So after the whole thing started, I flew in from Massachusetts to work with children transported to Eilat from the southern kibbutzim. As a trauma therapist for more than thirty years, I often consult with families at The Louis D. Brown Peace Institute in Boston, a grassroots non-profit serving survivors of victims of homicide.
Now I’m at the Abraham Hostel east of the Eilat Central Bus Station. I have my own four-bunk dorm room, because, as I explained to Yuval, I’m 63 years old. Yuval is with the HaShomer Hatzair youth movement: miracle workers who started bringing survivors to Eilat on October 9. A few days after that the government sent down ministers from the education, social service, and various other agencies to try and help HaShomer’s workers set everything up. I’m part of a spirited contingent of volunteer social workers, teachers, and other professionals trying, as one therapist told me, “to put our good where it will do the most.”
Each kibbutz is in its own particular hotel. I’m amazed by what has been created here. (Even mail arrives.) The kibbutz secretariats immediately organized their new home so it functions in as many ways as possible like their previous one. Some children live together, and members gather in a hotel event space for communal meals. Another conference room is strictly for sitting shiva. Posted outside that room are times for reciting Kaddish and other liturgy for each beloved member now of blessed memory. Entry is limited, with a sign reading: “You may only go in to comfort the mourners…”
Nearby, the hotel’s electronic bulletin board flashes repeat announcements, information on where to go to find things like a clinic or a classroom: one message read, “If you need orthodontics care…” Another advised those approached by the press to first run it by the media coordinators. And next to the electronic board is where the latest death notices are posted. The obituary board is not electronic.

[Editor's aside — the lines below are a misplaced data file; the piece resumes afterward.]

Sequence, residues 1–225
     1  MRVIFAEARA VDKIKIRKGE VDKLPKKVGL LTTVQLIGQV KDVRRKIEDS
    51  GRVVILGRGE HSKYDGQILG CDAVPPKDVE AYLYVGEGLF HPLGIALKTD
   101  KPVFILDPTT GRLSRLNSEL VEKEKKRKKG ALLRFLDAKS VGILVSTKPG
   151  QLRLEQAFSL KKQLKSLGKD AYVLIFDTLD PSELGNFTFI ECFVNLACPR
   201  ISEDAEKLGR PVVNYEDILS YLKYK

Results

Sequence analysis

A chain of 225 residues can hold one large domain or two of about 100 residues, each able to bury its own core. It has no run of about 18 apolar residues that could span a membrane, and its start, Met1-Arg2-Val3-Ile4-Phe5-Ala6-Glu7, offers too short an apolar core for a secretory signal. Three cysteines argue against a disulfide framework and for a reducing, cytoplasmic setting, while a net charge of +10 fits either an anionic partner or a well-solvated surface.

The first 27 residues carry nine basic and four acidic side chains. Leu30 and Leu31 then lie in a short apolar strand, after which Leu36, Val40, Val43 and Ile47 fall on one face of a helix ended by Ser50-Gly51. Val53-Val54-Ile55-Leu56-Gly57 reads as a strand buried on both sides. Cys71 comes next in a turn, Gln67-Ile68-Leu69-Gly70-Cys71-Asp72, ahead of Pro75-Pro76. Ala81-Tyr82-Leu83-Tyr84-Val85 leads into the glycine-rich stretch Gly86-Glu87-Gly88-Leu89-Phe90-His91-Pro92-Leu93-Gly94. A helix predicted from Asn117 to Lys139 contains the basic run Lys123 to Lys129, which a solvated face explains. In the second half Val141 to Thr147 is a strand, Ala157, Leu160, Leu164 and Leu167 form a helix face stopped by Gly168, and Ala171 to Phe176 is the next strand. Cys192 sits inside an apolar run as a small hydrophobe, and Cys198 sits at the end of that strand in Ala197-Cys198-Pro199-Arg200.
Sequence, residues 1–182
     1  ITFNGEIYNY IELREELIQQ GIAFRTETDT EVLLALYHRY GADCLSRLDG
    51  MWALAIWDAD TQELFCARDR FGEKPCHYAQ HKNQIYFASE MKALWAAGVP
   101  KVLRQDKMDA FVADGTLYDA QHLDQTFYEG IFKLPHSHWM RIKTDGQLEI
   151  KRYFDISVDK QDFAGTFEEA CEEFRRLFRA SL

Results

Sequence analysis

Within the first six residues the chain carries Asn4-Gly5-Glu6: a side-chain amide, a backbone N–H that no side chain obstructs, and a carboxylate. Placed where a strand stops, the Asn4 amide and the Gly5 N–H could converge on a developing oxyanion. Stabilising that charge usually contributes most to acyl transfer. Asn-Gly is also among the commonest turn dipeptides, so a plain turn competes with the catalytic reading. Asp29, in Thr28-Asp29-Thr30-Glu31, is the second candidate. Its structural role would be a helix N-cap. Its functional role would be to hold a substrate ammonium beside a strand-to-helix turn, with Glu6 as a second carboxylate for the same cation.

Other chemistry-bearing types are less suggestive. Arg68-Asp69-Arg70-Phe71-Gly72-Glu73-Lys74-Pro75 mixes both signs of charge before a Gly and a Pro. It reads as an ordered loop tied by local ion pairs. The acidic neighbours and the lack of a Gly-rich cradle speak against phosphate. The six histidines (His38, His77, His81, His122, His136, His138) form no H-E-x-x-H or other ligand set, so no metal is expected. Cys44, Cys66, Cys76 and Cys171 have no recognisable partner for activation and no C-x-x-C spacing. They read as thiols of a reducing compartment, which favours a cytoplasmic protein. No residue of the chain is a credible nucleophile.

My first hours were with kindergarteners and first, second, and third graders. Some had spent the previous day at funerals up north. (Nobody is being buried where they had lived; those are now military zones and off-limits.) One therapeutic practice involves using some kind of “transitional object.” This object serves to aid a child’s emotional transition from a traumatic experience to the next thing coming at them in their beautiful lives. When the children came back to Eilat after the funerals, colored cardboard pieces were cut into the shape of an admission ticket. Each child picked the color of the ticket they thought was closest to the feelings they went through at the funeral. Then they placed their ticket into a basket. Now we have a basket of different feelings, and that basket will always be there with us. But now they’re transitioning into a class setting. After that, there was painting and drawing, songs and laughter.
There is a lot going on. There. Is. A. Lot. And there is no place I’d rather be. There is nowhere else to be; if I weren’t here, I’d lose my mind. I just got a call about a doctor at McLean’s, the psychiatric hospital in Boston. They want to come to Eilat. I put him in touch with Lev, who works with Yuval, who is working with dozens of other volunteers who never stop working. These HaShomer kids – I call them kids; they’re twenty- and thirty-somethings – can do anything. And they do everything that needs getting done down here. They are extreme problem solvers. Someone told me, “That’s their superpower.”